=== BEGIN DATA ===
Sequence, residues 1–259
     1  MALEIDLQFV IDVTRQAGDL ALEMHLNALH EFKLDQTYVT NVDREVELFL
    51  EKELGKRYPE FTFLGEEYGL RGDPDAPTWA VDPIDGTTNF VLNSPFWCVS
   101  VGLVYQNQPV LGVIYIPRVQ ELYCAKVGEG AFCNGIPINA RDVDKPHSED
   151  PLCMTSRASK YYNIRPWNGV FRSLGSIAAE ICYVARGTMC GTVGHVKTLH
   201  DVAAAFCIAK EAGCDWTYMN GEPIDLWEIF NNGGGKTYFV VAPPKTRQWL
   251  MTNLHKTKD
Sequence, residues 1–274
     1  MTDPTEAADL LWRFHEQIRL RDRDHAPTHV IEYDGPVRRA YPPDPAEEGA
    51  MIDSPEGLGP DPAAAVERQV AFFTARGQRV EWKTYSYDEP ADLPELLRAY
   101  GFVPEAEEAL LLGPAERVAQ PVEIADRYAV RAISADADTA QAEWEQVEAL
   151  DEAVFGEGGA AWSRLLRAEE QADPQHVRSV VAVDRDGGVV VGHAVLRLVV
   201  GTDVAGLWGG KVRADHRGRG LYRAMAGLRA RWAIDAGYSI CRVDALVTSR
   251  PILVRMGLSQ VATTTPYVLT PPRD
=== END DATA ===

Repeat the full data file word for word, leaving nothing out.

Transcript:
Sequence, residues 1–259
     1  MALEIDLQFV IDVTRQAGDL ALEMHLNALH EFKLDQTYVT NVDREVELFL
    51  EKELGKRYPE FTFLGEEYGL RGDPDAPTWA VDPIDGTTNF VLNSPFWCVS
   101  VGLVYQNQPV LGVIYIPRVQ ELYCAKVGEG AFCNGIPINA RDVDKPHSED
   151  PLCMTSRASK YYNIRPWNGV FRSLGSIAAE ICYVARGTMC GTVGHVKTLH
   201  DVAAAFCIAK EAGCDWTYMN GEPIDLWEIF NNGGGKTYFV VAPPKTRQWL
   251  MTNLHKTKD
Sequence, residues 1–274
     1  MTDPTEAADL LWRFHEQIRL RDRDHAPTHV IEYDGPVRRA YPPDPAEEGA
    51  MIDSPEGLGP DPAAAVERQV AFFTARGQRV EWKTYSYDEP ADLPELLRAY
   101  GFVPEAEEAL LLGPAERVAQ PVEIADRYAV RAISADADTA QAEWEQVEAL
   151  DEAVFGEGGA AWSRLLRAEE QADPQHVRSV VAVDRDGGVV VGHAVLRLVV
   201  GTDVAGLWGG KVRADHRGRG LYRAMAGLRA RWAIDAGYSI CRVDALVTSR
   251  PILVRMGLSQ VATTTPYVLT PPRD